Microsoft's 'Stranger Things' Gag Doesn't Make Sense Because No One Used Windows 1.0

Windows may be the winner now, but it was a cultural nonentity in 1985.
July 8, 2019, 2:45pm
Windows 1.0
Image: Microsoft

The great irony of Stranger Things, a show that trafficks heavily in both supernatural plotlines and 1980s nostalgia, is that its aggressive reliance on vintage brands for major plot points makes it susceptible to the decay of history, especially when it comes to modern brands.

It’s one thing to collaborate with Coca-Cola on New Coke references or give Kellogg’s ample Eggo namedrops—both companies are American institutions and unless one of them has a Radio Shack-style fall from grace, they won’t be going anywhere anytime soon. (Not dropping spoilers, but a key character during season 2 worked at Radio Shack.)

But Microsoft’s collaboration with Netflix on a 1985 Stranger Things branding exercise doesn’t really make a lot of sense, either for reasons of branding or for reasons of continuity.

The Redmond-based software giant has been making an aggressive push on social media about a Windows 1.0 relaunch in recent days, something it only recently admitted was a Netflix collaboration. From a synergy standpoint, Netflix teaming with the largest company in the world by market capitalization to promote one of its most popular shows sounds like a win.

But Windows 1.11—as the _Stranger Things_-themed variant of the operating system, essentially an OS-themed game that was released Monday, is called—kind of ignores the fact that Windows 1.0 was a fairly obscure software product in 1985, effectively a very basic graphical shell (see the demo, above) that shares a lineage, but little relation, with Windows 10.

Windows 1.0 wouldn’t have been a popular choice in the home. When it was first released at Comdex in November of 1985, its target market was corporate buyers, not home users. Which means that maybe the sexist pigs who edit The Hawkins Post might have used it, but it wouldn’t have been a popular program due to its limited application support. More popular software tools of the era would have been Lotus 1-2-3, dBASE, or WordStar. (And to be clear, Windows 1.0 doesn’t actually appear in the show this season.)

It was, to be kind, a good start. Back then, Microsoft was not a company that released new products to massive success out of the gate. Word, for example, was something of a flop in its first iteration; it took until the late 1980s, when the app came to the Mac, when it finally it its stride.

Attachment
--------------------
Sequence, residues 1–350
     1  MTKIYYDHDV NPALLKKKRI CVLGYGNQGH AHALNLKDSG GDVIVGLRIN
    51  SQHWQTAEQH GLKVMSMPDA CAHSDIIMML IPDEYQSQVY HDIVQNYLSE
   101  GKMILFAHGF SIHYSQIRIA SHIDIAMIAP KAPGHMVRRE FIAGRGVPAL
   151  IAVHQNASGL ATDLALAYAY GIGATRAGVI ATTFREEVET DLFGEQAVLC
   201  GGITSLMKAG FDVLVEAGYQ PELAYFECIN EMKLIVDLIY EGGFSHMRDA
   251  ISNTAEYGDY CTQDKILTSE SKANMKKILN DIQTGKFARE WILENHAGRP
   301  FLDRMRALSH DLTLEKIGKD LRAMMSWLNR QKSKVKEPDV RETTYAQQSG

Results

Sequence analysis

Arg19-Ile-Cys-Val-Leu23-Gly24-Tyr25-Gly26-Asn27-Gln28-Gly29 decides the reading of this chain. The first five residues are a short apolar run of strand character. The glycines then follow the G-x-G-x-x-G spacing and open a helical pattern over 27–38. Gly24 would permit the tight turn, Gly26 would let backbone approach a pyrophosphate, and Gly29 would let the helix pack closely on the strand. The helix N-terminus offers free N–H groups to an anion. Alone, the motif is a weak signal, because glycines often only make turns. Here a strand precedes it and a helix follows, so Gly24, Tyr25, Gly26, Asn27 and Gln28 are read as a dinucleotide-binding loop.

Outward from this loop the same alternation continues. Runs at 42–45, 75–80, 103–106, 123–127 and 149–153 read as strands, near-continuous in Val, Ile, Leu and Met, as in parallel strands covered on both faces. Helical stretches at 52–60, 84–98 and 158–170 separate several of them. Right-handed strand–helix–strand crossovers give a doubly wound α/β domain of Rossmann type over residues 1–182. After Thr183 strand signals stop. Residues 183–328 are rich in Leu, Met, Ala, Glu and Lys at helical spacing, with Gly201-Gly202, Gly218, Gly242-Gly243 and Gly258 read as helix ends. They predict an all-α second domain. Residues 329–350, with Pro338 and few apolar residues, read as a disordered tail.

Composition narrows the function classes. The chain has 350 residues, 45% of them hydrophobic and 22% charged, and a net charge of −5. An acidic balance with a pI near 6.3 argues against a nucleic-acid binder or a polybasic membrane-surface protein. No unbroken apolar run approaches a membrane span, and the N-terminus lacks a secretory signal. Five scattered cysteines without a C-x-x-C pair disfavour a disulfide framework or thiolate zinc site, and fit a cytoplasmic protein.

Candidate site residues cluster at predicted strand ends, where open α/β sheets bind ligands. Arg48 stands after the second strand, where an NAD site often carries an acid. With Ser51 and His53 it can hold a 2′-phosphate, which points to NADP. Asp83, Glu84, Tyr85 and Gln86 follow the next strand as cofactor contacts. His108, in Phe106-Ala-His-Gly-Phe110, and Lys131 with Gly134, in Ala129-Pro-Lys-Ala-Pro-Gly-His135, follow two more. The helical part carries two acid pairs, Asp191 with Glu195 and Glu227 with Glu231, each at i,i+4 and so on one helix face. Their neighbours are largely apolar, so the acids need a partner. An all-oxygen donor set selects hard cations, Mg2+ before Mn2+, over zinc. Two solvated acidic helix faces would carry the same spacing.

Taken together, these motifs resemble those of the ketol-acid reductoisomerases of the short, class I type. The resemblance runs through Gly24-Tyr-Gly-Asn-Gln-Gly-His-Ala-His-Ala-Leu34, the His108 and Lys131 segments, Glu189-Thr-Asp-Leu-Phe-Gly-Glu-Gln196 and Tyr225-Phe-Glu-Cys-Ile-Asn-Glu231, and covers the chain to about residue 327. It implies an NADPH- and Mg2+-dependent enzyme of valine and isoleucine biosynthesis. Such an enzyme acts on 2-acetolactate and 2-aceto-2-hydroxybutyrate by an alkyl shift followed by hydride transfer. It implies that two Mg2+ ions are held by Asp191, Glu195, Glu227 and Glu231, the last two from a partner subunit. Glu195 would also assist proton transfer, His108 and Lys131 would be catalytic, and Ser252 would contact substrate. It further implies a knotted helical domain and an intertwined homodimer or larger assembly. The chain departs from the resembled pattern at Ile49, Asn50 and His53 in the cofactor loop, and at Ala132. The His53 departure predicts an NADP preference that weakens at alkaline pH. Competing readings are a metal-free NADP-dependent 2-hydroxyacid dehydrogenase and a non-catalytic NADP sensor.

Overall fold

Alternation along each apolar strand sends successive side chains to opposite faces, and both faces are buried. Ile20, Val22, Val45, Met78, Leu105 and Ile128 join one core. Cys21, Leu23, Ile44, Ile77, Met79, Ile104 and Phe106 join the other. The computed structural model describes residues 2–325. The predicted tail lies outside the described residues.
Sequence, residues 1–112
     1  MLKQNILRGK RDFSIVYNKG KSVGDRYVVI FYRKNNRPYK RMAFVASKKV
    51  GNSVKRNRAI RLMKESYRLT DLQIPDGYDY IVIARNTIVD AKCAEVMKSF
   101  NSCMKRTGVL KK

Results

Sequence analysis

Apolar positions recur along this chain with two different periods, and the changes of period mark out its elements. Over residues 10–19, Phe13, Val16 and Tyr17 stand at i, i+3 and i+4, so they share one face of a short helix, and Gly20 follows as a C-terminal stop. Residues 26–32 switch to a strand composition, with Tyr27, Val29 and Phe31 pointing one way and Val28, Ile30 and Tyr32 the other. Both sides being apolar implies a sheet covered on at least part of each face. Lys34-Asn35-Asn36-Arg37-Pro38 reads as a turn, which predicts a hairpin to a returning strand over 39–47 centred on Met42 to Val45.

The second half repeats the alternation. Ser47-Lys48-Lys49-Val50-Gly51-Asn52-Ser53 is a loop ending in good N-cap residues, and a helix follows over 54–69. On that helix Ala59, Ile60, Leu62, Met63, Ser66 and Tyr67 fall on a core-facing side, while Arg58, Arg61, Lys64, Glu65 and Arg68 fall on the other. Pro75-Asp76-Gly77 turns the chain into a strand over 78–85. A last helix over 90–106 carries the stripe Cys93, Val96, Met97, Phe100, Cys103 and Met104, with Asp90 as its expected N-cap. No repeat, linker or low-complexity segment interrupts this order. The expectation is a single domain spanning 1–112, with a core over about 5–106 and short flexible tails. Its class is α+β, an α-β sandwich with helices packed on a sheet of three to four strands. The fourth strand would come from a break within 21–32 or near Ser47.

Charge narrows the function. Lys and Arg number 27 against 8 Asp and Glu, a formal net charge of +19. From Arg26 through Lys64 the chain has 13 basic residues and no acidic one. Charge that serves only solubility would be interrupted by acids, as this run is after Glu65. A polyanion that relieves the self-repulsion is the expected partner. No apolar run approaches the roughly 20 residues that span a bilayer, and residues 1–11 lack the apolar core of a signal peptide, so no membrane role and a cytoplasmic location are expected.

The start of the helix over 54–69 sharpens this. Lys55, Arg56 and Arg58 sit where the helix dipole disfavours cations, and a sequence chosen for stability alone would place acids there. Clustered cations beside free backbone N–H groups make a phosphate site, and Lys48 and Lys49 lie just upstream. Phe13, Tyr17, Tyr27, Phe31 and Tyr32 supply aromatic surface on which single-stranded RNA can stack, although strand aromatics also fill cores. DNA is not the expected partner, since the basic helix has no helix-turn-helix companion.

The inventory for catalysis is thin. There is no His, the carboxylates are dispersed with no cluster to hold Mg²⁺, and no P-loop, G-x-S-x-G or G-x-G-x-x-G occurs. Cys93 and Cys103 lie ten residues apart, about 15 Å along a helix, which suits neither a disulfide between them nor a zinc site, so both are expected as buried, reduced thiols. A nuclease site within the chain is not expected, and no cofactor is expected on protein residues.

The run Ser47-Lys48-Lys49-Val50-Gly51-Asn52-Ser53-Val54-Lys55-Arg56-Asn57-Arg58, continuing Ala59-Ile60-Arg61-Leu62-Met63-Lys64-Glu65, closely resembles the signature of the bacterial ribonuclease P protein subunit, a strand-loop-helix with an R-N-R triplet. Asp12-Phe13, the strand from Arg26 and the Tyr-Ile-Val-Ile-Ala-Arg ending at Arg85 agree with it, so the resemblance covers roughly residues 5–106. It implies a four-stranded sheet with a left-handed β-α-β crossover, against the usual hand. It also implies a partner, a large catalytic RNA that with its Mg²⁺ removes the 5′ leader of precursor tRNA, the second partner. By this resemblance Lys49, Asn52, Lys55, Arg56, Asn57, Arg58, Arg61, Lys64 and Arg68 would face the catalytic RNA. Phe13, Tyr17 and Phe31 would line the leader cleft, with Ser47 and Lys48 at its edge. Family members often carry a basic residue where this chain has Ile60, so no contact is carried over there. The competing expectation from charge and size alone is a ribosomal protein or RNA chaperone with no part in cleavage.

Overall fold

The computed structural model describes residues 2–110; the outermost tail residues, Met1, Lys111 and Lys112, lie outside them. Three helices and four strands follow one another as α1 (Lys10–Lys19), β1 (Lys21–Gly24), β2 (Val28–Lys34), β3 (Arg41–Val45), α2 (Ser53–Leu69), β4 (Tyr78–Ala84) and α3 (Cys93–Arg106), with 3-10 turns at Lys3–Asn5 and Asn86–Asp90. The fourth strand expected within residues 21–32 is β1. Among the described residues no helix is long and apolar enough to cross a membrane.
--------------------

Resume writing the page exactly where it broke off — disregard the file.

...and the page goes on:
Likewise, Windows only became popular in the early 1990s, as Windows 3.0 and 3.1 finally started to break through in a big way.

To put it another way, this collaboration would have made more in Stranger Things season 8, as the gang heads off to college around 1990, discovers the internet, and external governmental forces find a new way to ruin their lives.

But even if Windows 1.0 makes an odd choice for a collaboration, a tech company was a good idea for Netflix’s promotional strategy. The problem is, like many of the brands in the Starcourt Mall, most major computer manufacturers didn’t make it to the present day, and even the ones that did were still in their formative stages.

Intel was barely even “inside”—it had only started branding its processors in 1985 with the release of its 386 processor; Michael Dell was still working out of his dorm room; and IBM, while at the top of the business-computer heap during this era, sold that business off to Lenovo 15 years ago.

In fact, going on the idea that the brands featured in the show sell things that were popular during the time period when the show is set, the natural choice for a promotion like this is a company that hasn’t existed for a quarter century: Commodore, which released the Amiga that year and was atop the sales charts thanks to the long-standing popularity of the Commodore 64.

There are other companies that we could bring up: Atari, a shell of its former self but technically a going concern in 2019, has already inspired Stranger Things marketing; and Nintendo, which test-marketed the Nintendo Entertainment System in late 1985 and is no stranger to retro marketing, might have been a natural choice.

Certainly, one could also make the case for Apple, and the plot of Stranger Things was such that Steve Jobs was still at the company during the time of the events of season 3. But Apple is a company that largely shies away from nostalgia, and doesn’t talk about the Apple II era very often these days, despite the platform’s longstanding popularity in the home and education markets. Those beige cases don’t fit into Apple’s modern product line so well these days—and let’s face it, Apple probably isn’t in the mood to help a competitor market itself.

As a brand marketing exercise, Stranger Things doesn’t work very well for the tech industry—not because people aren’t nostalgic, but because the dynamic of the industry is such that the movers and shakers of 1985 have moved and shaken into obscurity. There’s nothing wrong with that, of course, but it makes Microsoft’s attempt at cultural relevance ring a little untrue.

In a weird way, Netflix’s decision to align with Microsoft on a bit of brand marketing for Stranger Things reflects the company that ultimately won the home PC market—not the one that was winning at the time.

If anything, it’s a reminder that the winners write the history books.